Recent technological advances have made the longstanding dream of on-orbit robotic servicing of satellites a near-term possibility. The potential advantages of that unprecedented capability are enormous. Instead of designing their satellites to accommodate the harsh reality that, once launched, their investments could never be repaired or upgraded, satellite owners could use robotic vehicles to physically inspect, assist, and modify their on-orbit assets. That could significantly lower construction and deployment costs while dramatically extending satellite utility, resilience, and reliability.
In fact, efforts to achieve the goal of on-orbit servicing are already underway, including DARPA’s Robotic Servicing of Geosynchronous Satellite (RSGS) program, which focuses on services for satellites in geosynchronous orbit. But these efforts all face a major roadblock: the lack of clear, widely accepted technical and safety standards for responsible performance of on-orbit activities involving commercial satellites, including rendezvous and proximity operations (RPO) that don’t involve physical contact with satellites and robotic servicing operations that would. Without these standards, the long-term sustainability of outer space operations is potentially at risk.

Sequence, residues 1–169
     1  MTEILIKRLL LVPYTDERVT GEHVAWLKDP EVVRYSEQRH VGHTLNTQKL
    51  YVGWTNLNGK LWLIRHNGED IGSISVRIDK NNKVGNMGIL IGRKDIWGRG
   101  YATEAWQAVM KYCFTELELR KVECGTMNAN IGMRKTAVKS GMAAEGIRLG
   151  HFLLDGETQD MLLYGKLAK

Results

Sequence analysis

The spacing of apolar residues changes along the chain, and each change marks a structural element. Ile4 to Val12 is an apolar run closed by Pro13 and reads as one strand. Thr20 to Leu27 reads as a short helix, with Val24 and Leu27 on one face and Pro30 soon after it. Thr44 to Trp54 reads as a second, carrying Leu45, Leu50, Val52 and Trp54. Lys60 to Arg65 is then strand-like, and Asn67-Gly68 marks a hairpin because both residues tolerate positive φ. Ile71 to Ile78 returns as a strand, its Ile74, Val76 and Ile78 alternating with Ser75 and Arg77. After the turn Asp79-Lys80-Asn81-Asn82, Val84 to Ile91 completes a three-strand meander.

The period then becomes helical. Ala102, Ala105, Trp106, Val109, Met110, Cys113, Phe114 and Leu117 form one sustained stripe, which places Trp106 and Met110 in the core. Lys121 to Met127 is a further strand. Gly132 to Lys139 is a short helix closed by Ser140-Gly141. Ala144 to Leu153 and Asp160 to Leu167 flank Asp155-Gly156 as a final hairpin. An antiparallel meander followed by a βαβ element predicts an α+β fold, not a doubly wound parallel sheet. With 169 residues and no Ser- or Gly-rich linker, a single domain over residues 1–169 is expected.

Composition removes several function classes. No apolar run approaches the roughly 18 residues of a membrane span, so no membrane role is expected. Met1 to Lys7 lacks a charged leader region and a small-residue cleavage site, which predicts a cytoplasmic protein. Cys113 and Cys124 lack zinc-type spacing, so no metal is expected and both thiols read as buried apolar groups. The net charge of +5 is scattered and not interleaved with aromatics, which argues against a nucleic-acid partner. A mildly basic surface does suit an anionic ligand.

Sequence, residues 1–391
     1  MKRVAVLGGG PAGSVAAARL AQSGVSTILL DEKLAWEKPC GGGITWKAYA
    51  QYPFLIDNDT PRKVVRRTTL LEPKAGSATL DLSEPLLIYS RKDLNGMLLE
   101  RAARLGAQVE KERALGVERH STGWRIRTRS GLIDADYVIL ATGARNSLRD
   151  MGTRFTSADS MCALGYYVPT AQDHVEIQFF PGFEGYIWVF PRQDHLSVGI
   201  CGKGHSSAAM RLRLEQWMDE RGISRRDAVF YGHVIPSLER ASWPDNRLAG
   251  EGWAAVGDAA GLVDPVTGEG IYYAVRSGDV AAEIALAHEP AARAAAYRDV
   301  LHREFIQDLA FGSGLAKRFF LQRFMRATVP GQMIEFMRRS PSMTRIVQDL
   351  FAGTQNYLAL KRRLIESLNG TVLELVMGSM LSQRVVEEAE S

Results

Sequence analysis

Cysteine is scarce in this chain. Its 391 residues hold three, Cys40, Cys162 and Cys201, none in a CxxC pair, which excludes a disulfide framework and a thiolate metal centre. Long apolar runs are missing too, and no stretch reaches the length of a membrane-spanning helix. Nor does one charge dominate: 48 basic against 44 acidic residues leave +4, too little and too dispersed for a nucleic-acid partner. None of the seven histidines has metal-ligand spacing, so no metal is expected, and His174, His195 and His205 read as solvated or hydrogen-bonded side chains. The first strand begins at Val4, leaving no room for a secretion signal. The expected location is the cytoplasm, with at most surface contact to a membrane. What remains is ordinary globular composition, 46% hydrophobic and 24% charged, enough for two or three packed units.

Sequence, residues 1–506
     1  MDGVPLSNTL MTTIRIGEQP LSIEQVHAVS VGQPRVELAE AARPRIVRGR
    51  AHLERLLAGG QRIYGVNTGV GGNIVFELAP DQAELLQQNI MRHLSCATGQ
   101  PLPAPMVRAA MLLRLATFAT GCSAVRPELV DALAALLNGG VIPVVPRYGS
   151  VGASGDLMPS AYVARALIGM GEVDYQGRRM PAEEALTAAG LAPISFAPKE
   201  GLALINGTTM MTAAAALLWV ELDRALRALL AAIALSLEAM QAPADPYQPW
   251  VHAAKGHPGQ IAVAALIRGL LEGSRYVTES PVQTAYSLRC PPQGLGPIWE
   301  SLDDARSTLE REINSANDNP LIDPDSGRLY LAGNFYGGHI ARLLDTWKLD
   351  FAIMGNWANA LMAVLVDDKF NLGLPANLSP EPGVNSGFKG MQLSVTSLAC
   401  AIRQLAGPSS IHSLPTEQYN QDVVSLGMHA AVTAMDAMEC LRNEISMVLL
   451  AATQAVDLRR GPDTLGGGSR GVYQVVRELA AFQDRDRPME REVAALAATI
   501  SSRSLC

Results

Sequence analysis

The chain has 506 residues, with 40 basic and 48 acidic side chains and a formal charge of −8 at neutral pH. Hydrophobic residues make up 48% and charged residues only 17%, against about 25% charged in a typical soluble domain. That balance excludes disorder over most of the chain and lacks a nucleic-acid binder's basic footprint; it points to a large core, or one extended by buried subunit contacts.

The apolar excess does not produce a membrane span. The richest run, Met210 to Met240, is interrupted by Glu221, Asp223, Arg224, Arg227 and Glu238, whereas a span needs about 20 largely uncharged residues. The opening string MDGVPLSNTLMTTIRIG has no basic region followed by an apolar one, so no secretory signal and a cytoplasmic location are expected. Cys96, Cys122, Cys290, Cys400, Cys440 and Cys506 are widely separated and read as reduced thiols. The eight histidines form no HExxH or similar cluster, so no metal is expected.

DARPA’s Consortium for Execution of Rendezvous and Servicing Operations (CONFERS) program aims to help overcome these challenges and provide the foundation for a new commercial repertoire of robust space-based capabilities. CONFERS envisions a permanent, self-sustaining, and independent forum where industry could collaborate and engage with the U.S. Government about on-orbit servicing. This industry/government forum would be composed of experts from throughout the space community. DARPA, primarily in partnership with NASA, will bring decades of operational experience from government missions to the consortium.
Participants would leverage best practices from government and industry to research, develop, and publish non-binding, consensus-derived technical and safety standards that servicing providers and clients for on-orbit servicing operations would adopt. In doing so, the program would provide a clear technical basis for definitions and expectations of responsible behavior in outer space. The standards would be broad enough to allow individual companies to pursue their own implementations of these standards to suit their individual businesses, while assuring that the implementations adhere to best practices for operational safety.
DARPA aims to transfer CONFERS leadership and funding to industry by 2021, when the Agency is scheduled to perform its first on-orbit demonstration of RSGS. The Agency also intends by that time to release the standards for general use by commercial on-orbit servicing organizations.
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